Sudurdalur / Egilsstadir, East Region (Austurland), Iceland

About Strutsfoss

Hiking Distance: 8.4km round trip
Suggested Time: at least 3 hours

Date first visited: 2021-08-11
Date last visited: 2021-08-11

Waterfall Latitude: 64.89548
Waterfall Longitude: -15.02446

Waterfall Safety and Common Sense

Strutsfoss (Strútsfoss) was a towering two-tiered waterfall on the Strútsá Stream (with heights of 20m and 100m, respectively) hiding deep in the Villingadalur arm of Suðurdalur Valley.

Although this waterfall receives far less traffic than the popular Hengifoss, it’s certainly no slouch in its own right.

Strutsfoss_182_08112021 - Strutsfoss (or more accurately Strútsfoss)
Strutsfoss (or more accurately Strútsfoss)

In addition to being one of the tallest waterfalls in Iceland, Strútsfoss also possesses the red strata that Hengifoss has in its underlying cliffs.

Moreover, the seemingly obscure nature of this waterfall meant that we didn’t have to contend with crowds and that made for a very peaceful (albeit long) hike where it was just us and Nature.

Hiking to Strútsfoss

The hike to Strútsfoss began from the uppermost farm in Suðurdalur called the Sturluflöt Farm (see directions below).

According to my GPS logs on both Gaia GPS and my Garmin Fenix 6X Pro, we hiked between 8-8.4km round-trip.

Strutsfoss_066_08112021 - Context of Mom on the trail with part of Strútsfoss in view though the clouds were stubbornly obscuring its upper tier
Context of Mom on the trail with part of Strútsfoss in view though the clouds were stubbornly obscuring its upper tier

In my trip logs, it took my Mom and I about 3 hours to complete the hike (including the time we paused to take pictures).

Aside from a moderate climb to get past the Sturluflöt boundaries and a very steep climb at the very end of the hike, the majority of this trail was more or less flat with gentle undulations.

Really, the only thing to worry about concerning the experience was the weather as tall waterfalls like this tend to be obscured by clouds.

It was certainly the case on our August 2021 visit, and we had to be real patient (and lucky) for the clouds to lift enough for us to experience the waterfall properly.

Trail Description

Strutsfoss_264_08112021 - Looking across the pasture of the Sturluflöt Farm towards a cascade tumbling down what I think is a side arm of the Ytri-Þverá Stream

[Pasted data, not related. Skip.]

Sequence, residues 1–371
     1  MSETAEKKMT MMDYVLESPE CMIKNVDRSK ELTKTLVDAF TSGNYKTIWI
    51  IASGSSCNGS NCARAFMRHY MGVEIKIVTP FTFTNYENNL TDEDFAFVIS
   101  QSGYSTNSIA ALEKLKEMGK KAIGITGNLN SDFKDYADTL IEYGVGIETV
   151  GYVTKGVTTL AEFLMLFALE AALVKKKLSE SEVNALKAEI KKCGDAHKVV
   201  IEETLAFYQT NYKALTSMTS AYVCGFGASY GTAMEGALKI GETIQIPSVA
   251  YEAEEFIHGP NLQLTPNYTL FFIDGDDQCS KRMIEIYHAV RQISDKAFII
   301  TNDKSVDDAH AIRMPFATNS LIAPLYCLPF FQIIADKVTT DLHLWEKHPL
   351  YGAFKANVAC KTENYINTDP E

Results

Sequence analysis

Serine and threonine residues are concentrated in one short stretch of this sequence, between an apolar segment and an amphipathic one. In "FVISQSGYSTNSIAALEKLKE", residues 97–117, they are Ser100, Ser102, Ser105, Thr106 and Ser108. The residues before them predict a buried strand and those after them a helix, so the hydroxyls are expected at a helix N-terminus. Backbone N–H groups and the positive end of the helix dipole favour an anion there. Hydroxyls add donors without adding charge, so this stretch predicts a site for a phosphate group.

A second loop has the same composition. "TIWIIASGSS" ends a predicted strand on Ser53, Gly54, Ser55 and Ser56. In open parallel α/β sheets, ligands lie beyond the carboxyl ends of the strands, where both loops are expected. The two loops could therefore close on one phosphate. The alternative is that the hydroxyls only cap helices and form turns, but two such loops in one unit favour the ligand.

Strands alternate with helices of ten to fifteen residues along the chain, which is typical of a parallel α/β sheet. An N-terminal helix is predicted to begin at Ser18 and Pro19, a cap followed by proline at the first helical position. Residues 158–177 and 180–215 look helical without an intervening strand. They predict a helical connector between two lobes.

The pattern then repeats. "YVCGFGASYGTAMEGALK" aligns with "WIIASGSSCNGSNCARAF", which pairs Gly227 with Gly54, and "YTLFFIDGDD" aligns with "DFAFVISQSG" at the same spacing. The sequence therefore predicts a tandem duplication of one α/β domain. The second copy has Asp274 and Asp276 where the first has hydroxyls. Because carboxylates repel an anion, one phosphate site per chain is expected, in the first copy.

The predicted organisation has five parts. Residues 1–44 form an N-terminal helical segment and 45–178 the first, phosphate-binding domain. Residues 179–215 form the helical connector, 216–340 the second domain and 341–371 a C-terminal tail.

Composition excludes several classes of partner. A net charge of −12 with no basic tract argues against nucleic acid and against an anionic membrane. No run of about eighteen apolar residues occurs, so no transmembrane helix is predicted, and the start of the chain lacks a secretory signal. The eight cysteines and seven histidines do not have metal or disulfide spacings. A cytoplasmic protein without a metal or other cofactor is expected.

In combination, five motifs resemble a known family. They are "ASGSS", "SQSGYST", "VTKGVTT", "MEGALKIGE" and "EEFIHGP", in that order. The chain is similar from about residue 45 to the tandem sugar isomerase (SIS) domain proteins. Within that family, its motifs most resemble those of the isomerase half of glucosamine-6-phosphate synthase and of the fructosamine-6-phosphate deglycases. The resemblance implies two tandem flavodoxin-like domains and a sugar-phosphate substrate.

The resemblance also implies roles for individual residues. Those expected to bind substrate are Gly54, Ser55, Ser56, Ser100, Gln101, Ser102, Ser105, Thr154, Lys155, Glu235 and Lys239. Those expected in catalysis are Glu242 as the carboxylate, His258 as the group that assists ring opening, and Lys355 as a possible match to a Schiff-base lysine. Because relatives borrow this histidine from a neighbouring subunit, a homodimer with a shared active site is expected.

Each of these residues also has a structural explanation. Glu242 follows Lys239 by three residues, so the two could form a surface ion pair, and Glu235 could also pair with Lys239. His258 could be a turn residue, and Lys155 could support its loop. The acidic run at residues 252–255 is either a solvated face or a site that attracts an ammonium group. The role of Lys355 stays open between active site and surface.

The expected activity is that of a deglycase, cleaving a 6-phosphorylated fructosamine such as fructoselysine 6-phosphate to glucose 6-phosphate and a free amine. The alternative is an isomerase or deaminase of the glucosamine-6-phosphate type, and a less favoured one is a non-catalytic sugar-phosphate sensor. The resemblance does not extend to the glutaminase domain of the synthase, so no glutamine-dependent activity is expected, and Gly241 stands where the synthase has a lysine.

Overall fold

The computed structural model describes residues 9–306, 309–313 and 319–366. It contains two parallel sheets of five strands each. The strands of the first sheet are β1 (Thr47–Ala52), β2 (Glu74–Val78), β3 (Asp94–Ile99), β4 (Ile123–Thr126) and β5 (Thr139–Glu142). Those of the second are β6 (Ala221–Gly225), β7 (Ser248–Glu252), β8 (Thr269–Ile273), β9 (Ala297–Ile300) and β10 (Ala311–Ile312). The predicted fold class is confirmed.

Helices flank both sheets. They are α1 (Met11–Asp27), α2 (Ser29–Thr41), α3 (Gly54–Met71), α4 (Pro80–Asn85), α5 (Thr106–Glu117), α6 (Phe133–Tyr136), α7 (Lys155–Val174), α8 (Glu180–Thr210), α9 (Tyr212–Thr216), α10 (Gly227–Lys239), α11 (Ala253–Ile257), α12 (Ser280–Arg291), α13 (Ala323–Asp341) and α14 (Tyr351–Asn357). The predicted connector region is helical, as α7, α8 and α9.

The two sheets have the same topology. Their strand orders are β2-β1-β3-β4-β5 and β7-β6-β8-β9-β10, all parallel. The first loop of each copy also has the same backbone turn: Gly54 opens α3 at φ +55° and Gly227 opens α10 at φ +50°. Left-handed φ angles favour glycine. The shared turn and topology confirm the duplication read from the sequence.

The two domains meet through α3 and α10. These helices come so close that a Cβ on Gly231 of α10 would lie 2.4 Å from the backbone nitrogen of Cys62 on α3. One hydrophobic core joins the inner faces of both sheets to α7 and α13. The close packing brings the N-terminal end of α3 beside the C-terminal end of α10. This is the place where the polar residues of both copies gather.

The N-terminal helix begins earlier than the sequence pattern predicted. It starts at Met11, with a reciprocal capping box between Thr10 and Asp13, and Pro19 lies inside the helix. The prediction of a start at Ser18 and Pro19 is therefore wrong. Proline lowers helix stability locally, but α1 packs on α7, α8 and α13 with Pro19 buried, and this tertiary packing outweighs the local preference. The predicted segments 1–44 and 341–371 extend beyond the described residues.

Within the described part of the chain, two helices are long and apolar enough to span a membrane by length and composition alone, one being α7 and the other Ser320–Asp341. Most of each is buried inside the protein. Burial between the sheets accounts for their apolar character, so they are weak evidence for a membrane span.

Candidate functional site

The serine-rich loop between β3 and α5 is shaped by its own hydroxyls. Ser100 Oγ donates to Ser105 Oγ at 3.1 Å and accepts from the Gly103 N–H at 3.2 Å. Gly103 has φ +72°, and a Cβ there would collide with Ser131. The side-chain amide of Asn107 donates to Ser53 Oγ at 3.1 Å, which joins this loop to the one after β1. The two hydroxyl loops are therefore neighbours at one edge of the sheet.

Looking across the pasture of the Sturluflöt Farm towards a cascade tumbling down what I think is a side arm of the Ytri-Þverá Stream

At the unpaved car park by the entrance to the Sturluflöt Farm, there was an unusual WC as well as a view of a tall cascade across the farm’s pasture (on a branch of the Ytri-Þverá Stream).

The trail actually made us go around the Sturluflöt Property so we found ourselves hiking along the Kelduá River for about 500m.

As the path started to veer to our left, we noticed an attractive river waterfall further upstream on the Kelduá, which we paused briefly for.

Then, the path started following the Fellsá River uphill towards a fork in the trail about 1km away.

Strutsfoss_258_08112021 - Attractive cascades on the Kelduá River as the trail started to turn and ascend into the Villingadalur Valley
Attractive cascades on the Kelduá River as the trail started to turn and ascend into the Villingadalur Valley

At the fork, there was a path that descended to a footbridge traversing the Fellsá, but we stayed to the left to remain on the path to Strútsfoss as it went past some kind of shed.

As the trail started to veer away from the Sturluflöt Farm, we then followed the Villingadalur Valley.

In this stretch, we went through an extensively open area with low-lying shrubs (with interesting fuzzy black-trimmed leaves and bluish moths) alternating with open grassy fields.

The terrain undulated with only minor hills to go up and down, but nothing that was taxing besides the act of walking itself.

Strutsfoss_035_08112021 - Mom approaching a wooden shed as we ascended into Villingadalur up ahead
Mom approaching a wooden shed as we ascended into Villingadalur up ahead

The hike would persist in this manner for about the next 2km all the while revealing side cascades on the cliffs across the Fjellsá.

Towards the latter 500m of this stretch in the Villingadalur, we started to see Strútsfoss in the distance of the side canyon we were about to enter into.

Eventually, the trail veered into the side valley along the edge of the Strútsgil Gorge as we started to leave Villingadalur and approach a large rock cairn.